Edible Science is a fun theme for a do it yourself program any time of the year, and works well to promote STEAM (Science, Technology, Engineering, Art, and Math) as well as Makerspace concepts. Using food and other household items can empower families to replicate these activities at home. Special thanks to Uyen Tran for suggesting this topic for an arts and game program, and for offering some of the activities.
Reach out to the local high school service clubs to obtain teen volunteers. You should have two helpers at each craft or game to assist younger children, and to make sure kids share and don’t eat all of the candy!
Refreshments – Fresh fruit is always a healthy snack; partner with a local food bank or farmers’ market to obtain donations. Popcorn is good, too; have a volunteer explain why popcorn pops! www.wonderopolis.org/wonder/what-makes-popcorn-pop .
Display – Display science experiment books and cookbooks side by side, to reinforce the concept that cooking involves both math and science.
Icebreaker – Offer bubbles to show children how much fun science is, but also showing not all of the items used at the program should be eaten!
Edible Butterfly Life Cycle: Make these simple diagrams of a butterfly’s life cycle out of food, candy, and a paper plate: www.science-sparks.com/edible-butterfly-life-cycle/ .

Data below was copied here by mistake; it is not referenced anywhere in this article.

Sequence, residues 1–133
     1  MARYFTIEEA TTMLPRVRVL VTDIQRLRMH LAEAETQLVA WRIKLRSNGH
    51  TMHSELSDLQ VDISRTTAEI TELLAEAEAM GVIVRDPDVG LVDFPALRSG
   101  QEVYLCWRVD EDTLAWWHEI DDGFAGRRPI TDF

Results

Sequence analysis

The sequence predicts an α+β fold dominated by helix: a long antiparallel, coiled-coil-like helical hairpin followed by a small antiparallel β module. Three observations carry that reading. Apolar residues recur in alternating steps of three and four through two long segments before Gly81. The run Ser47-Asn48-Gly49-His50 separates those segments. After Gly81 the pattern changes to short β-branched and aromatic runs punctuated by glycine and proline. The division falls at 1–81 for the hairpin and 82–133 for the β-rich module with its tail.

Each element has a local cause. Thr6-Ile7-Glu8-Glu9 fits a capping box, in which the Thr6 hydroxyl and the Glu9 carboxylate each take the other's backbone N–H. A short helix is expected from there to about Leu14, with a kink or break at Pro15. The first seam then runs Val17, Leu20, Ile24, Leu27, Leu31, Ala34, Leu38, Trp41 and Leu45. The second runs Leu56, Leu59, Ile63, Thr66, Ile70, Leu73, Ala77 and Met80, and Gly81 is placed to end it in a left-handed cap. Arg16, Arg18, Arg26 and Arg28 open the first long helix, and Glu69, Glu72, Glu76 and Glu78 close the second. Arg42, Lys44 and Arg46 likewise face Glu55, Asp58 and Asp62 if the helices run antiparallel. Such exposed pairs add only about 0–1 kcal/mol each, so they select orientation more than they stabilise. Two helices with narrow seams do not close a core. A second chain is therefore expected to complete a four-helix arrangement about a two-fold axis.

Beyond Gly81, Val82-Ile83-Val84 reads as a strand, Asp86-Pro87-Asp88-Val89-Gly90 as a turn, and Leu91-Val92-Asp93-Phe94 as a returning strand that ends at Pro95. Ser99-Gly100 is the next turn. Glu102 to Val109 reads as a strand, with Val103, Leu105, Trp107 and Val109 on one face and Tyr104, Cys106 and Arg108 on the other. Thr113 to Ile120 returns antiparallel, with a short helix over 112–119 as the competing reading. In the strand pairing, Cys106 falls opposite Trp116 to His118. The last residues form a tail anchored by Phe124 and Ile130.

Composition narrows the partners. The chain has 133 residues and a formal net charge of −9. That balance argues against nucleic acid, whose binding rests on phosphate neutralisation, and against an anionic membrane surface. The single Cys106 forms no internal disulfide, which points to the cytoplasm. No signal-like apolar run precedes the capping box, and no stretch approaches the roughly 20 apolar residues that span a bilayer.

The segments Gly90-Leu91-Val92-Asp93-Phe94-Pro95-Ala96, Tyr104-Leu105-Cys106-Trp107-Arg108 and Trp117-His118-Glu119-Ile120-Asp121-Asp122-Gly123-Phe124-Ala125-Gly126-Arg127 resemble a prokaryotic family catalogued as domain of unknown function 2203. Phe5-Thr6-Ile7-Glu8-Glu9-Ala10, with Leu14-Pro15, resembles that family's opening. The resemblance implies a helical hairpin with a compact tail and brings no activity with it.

Edible Soil Layers: Using a clear plastic cup and some candy, butterscotch and chocolate chips, Oreo cookies, and coconut to make a diagram of soil layers: http://blog.learningresources.com/diy-earth-day-edible-soil-layers/ .
Edible Plate Techtonics: Use canned frosting, graham crackers, and rice cakes to make these models of plate techtonics: http://girlstart.org/wp-content/uploads/2017/08/5.Edible-Plate-Tectonics.pdf .
Gumdrop Structures: Make structures using gumdrops and toothpicks: https://thehomeschoolscientist.com/gumdrop-structures-engineering-challenge/#.VNuTcP-9KrU .
Mars Rover: Make models of the Mars Rover using graham crackers, marshmallows, Reese’s small peanut butter cups for wheels, as seen here: http://librarymakers.blogspot.com/2014/09/summer-special-edible-mars-rover.html .
DNA Model: Using toothpicks, marshmallows, and licorice, make DNA models: www.wikihow.com/Make-an-Edible-DNA-Model .
Oreo phases of the Moon: Children will learn the proper names for the phases of the moon, and enjoy eating part of these cookies! https://littlebinsforlittlehands.com/oreo-moon-phases/.
Solar Ovens to make S’mores: This only works outside on sunny days but is worth doing! https://desertchica.com/diy-solar-oven-smores-kids-science-experiment/ .
Fake Snot Slime: Kids learn about polymers when making this slime out of gelatin, corn syrup, and food coloring: https://littlebinsforlittlehands.com/fake-snot-edible-gelatin-slime-science-activity/ .
Edible Silly Putty: Make this slime-like silly putty using corn starch and sugar-free jello: https://thesoccermomblog.com/edible-silly-putty/#wprm-recipe-container-17429 .
Penny Peck, San Jose State University iSchool